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With AM3 being so fresh, we had nothing to compare the Asus M4A78T-E to except
its AM2+ variant, the M3A78-T.
We found only minor differences between the two in terms with
the boards splitting real-world timed tests, and the AM3 M4A78T-E pulling slightly
ahead in synthetics. From a pure performance point of view, there is no compelling
reason to consider AM3 over AM2+.
More compelling is that AM2+ will soon be history, and future AMD CPU offerings will come in AM3. The improved power efficiency we found
on the AM3 board is also significant. The earlier AM2+ M3A78-T used more power during
all of our tests, varying from as little as an extra 2W idle and 5W during anti-virus
scanning, to as much as 20W during VC-1 playback and 26W when archiving files with WinRAR.
In long term use, the average difference should fall somewhere between those extremes. DDR3 memory
is supposed to use less energy, but that's not enough to explain the differences we
found today. While all the current Phenom II AM3 processors are 95W parts, AM2+ Phenom II's are 125W. Perhaps the 95W TDP applies only when the AM3 processors are used with AM3 boards? This is an issue that calls for a bit more digging, and we'll report power results with other AM3 boards in the near future.
The Asus M4A78T-E board is solid, with plenty of features including eSATA and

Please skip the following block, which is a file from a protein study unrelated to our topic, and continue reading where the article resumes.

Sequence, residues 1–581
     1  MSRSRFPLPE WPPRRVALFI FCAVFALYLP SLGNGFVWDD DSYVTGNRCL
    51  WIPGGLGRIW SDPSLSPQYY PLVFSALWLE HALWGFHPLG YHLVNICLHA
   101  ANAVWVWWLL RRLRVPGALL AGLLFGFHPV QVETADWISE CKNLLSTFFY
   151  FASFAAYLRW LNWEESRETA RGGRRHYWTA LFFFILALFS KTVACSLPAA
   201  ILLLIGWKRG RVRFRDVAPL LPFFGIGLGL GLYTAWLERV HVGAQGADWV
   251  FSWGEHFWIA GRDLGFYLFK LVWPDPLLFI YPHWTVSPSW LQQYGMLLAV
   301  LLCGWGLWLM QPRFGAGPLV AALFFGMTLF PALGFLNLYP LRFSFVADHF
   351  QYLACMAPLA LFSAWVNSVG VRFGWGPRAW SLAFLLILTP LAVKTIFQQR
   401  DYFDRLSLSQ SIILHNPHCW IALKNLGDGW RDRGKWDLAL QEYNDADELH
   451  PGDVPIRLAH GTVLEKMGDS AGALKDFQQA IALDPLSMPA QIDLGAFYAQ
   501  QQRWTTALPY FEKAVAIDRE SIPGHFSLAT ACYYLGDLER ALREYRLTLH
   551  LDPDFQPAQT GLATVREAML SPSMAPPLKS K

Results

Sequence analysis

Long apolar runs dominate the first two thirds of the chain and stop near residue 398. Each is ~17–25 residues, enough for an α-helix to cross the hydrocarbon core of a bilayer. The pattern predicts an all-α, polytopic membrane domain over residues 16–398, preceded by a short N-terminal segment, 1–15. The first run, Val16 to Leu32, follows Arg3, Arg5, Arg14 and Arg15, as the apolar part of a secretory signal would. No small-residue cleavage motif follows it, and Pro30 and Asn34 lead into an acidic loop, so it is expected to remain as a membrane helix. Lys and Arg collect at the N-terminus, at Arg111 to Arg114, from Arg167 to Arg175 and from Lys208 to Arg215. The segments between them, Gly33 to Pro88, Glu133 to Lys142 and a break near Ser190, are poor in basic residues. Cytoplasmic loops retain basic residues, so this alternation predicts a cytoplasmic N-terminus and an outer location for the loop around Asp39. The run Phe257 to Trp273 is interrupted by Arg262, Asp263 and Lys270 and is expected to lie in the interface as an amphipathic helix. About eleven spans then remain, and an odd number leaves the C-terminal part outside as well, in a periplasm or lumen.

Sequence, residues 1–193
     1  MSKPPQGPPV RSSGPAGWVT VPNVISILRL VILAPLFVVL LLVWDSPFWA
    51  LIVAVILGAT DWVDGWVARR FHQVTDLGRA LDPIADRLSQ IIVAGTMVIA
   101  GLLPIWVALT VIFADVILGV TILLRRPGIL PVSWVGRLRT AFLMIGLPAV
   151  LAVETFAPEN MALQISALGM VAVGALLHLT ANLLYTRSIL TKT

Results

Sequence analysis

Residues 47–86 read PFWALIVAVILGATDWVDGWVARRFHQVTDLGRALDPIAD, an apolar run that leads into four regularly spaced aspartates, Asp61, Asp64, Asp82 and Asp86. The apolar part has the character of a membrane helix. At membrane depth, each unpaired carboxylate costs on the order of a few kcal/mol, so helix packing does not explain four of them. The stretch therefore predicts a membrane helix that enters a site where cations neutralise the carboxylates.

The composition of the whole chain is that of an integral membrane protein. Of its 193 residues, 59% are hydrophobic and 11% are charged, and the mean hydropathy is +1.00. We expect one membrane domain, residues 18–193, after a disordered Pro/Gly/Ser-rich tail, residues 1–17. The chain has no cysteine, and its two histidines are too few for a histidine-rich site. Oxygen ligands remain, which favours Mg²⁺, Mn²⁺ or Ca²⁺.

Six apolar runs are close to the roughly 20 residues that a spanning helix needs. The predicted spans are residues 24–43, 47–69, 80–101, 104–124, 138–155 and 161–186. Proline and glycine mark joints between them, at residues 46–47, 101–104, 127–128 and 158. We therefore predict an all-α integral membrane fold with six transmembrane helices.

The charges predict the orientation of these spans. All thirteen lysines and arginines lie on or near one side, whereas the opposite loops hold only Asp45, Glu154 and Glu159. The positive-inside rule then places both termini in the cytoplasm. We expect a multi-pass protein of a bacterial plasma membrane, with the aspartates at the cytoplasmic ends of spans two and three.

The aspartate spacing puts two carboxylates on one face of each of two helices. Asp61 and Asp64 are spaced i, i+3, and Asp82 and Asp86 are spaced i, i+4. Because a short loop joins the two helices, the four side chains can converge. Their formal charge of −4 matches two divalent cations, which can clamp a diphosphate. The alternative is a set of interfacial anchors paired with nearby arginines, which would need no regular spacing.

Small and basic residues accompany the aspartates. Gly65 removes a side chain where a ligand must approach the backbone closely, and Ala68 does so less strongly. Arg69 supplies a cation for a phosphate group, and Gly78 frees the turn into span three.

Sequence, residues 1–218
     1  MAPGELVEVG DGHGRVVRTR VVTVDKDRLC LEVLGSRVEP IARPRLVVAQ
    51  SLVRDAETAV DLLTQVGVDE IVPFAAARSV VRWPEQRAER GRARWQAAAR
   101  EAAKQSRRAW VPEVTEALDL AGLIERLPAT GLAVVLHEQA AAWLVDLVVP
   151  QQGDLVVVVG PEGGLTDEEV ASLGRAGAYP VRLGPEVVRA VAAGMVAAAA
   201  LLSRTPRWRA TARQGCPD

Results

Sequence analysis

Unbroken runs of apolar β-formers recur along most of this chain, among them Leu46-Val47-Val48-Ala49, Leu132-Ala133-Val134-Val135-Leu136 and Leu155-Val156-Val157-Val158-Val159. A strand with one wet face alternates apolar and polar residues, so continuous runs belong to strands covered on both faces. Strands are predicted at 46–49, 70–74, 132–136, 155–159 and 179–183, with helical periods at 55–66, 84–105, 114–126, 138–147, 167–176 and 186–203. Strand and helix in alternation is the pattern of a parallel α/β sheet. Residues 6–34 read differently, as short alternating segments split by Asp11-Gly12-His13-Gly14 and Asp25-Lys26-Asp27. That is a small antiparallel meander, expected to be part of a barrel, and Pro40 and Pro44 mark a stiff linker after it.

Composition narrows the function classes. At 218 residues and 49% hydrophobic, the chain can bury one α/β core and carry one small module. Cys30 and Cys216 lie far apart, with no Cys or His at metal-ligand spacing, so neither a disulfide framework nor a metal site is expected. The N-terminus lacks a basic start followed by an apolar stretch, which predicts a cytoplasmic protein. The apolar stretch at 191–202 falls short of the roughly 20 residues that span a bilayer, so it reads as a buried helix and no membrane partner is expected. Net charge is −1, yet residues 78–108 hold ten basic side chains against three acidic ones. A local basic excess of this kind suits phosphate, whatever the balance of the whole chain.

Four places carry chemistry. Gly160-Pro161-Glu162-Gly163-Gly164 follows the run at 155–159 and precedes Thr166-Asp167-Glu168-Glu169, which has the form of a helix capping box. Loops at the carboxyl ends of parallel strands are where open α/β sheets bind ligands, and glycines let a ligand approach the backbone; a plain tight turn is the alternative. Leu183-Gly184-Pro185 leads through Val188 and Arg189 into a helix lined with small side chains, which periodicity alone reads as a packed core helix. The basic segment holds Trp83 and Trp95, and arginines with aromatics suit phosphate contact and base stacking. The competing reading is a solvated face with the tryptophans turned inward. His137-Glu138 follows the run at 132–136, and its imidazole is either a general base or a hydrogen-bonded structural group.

CrossFireX, a tried and tested IGP with SidePort memory, fan control for up
to 3 fans, and a BIOS that is unintimidating to mainstream users yet satisfying
to enthusiasts. Stability was perfect and no oddities cropped up during testing.
The only thing negative we could say about the M4A78T-E applies to the AM3 platform
in general the current lack of CPU choice and extra cost of DDR3 memory, but neither will stay static.
The potential of this new board will be better utilized when faster AM3 CPUs are released.
Still, if you already have an AMD CPU, it's a good step upgrade. The price of DDR3 memory has already come down significantly. A 4GB kit of DDR3-1333
can now be acquired for only $20-$30 more than 4GB of DDR2-800. The M4A78T-E
itself is moderately priced at $140~150, no more than its AM2+ counterpart, the
M3A78-T, and way lower than Intel i7 boards, so it is the first reasonably priced DDR3-based platform
that value-minded users can consider.
Our thanks to ASUSTeK
and AMD for the product samples.
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